The Corner

Opposing the Excesses of Liberal Academia Doesn’t Make You ‘Anti-Intellectual’

In response to Homer Motivates

Like Yuval Levin, I object to Washington Post reporter Sarah Kaplan’s description of David Gelernter as “fiercely anti-intellectual.” Gelernter is reportedly being considered for White House science adviser, and Yuval rightly calls him “about the most learned person you can hope to find in the wild.” Indeed, the very article that calls him anti-intellectual lays out a few of his more impressive credentials: 

Gelernter is a pioneer in the field of parallel computation, a type of computing in which many calculations are carried out simultaneously. The programming language he developed in the 1980s, Linda, made it possible to link together several small computers into a supercomputer, significantly increasing the amount and complexity of data that computers can process. Since then he has written extensively about artificial intelligence, critiquing the field’s slow progress and warning of AI’s potential dangers.

So if the man is an pioneer in computer science (In 2016 a Time writer called him an “arch-genius,” but whatever), why is he anti-intellectual? Well, he thinks the academy is too liberal:

Beyond computer science circles, Gelernter has made a name for himself as a vehement critic of modern academia. In his 2013 book, “America-Lite: How Imperial Academia Dismantled Our Culture (and Ushered in the Obamacrats),” he condemned “belligerent leftists” and blamed intellectualism for the disintegration of patriotism and traditional family values. He attributed the decline in American culture to “an increasing Jewish presence at top colleges.” (Gelernter himself is Jewish.)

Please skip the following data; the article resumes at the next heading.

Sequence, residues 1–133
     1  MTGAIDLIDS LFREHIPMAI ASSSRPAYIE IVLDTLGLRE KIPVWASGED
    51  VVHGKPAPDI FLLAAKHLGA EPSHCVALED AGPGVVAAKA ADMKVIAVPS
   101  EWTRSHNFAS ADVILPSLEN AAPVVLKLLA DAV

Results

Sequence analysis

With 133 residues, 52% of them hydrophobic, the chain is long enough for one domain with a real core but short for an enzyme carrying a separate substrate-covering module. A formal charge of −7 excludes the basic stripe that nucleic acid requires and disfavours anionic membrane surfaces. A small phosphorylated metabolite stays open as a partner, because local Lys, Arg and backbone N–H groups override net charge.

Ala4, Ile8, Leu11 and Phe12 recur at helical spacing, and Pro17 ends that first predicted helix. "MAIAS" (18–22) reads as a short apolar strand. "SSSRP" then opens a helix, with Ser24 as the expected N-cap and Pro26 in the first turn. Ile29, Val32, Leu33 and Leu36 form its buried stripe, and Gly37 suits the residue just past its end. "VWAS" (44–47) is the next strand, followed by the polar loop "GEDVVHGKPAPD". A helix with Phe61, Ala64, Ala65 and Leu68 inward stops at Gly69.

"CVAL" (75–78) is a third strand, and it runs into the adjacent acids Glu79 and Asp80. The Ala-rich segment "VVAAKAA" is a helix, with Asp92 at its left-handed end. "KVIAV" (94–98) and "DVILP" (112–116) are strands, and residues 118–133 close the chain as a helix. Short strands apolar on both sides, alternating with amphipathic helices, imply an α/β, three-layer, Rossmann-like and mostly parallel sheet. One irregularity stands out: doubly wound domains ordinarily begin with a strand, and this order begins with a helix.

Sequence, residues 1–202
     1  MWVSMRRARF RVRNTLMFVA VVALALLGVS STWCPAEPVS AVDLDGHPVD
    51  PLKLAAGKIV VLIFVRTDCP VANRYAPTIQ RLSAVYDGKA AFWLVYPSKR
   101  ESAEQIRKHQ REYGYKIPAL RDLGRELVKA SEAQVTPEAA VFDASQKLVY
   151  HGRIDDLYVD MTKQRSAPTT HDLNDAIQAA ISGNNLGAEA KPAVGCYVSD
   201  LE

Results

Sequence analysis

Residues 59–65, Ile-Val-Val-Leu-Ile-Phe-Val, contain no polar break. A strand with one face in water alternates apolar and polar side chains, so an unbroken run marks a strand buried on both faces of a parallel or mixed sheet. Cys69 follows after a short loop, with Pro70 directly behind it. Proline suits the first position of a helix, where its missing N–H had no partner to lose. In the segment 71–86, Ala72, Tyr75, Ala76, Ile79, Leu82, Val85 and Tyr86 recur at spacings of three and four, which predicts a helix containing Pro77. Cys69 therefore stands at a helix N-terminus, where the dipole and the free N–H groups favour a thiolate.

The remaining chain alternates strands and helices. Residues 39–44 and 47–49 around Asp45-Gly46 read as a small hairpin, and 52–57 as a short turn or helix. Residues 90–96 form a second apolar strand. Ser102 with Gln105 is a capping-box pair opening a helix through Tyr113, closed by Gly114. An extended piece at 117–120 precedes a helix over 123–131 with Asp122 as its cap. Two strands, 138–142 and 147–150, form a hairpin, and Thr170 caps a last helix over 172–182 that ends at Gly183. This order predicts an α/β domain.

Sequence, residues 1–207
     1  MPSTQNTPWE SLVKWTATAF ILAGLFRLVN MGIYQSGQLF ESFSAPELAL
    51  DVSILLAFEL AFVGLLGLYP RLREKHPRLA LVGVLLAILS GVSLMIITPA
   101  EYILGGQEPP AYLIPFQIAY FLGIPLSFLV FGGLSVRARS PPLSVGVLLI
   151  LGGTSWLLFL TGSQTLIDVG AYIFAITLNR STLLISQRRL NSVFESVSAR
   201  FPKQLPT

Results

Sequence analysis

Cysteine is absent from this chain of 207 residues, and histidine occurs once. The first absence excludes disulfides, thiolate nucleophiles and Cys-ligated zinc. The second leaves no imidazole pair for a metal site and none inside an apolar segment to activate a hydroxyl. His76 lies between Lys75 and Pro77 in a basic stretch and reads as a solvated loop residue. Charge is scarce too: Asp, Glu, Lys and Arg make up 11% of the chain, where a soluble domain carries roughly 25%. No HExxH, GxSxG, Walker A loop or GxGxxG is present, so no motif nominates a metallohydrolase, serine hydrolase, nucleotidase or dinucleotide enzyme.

Oh, and he offends the bishops in the Cathedral of Climate Change:

But he would be an unusual choice for the role of science adviser. If appointed, he would be the first computer scientist to take the job, and the first adviser who is not a member of the National Academy of Sciences. He has expressed doubt about the reality of man-made climate change — something that 97 percent of active researchers agree is a problem. And his anti-intellectualism makes him an outlier among scientists.

None of this is true “anti-intellectualism.” To decry the modern intellectual elite is to defend and protect intellectual integrity. The modern academy is a narrow place, full of ignorant condescension. To call many members of even the top faculties “intellectuals” is to give them far too much credit. Yes, there are many outstanding and rigorous liberal professors, but all too many of them are ideological radicals first, scholars second. One of their many great cons is persuading gullible reporters and pundits that critiquing their closed and narrow-minded institutions is somehow “anti-intellectual.” 

As if on cue, here comes Andrew Rosenburg from the left-wing Union of Concerned Scientists to be, yes, ignorant and condescending:

Andrew Rosenberg, director of the Center for Science and Democracy at the Union of Concerned Scientists, said he hadn’t heard of Gelernter until Tuesday.

“He’s certainly not mainstream in the science community or particularly well known,” Rosenberg said. “His views even on most of the key science questions aren’t known. Considering the huge range of issues the White House needs to consider, I don’t know if he has that kind of capability.”

Gelernter went from “arch-genius” to “anti-intellectual” at the speed of a potential Trump appointment. And to think, pundits wonder why the public often distrusts mainstream media science reporting. 

David French is a senior writer for National Review, a senior fellow at the National Review Institute, and a veteran of Operation Iraqi Freedom.

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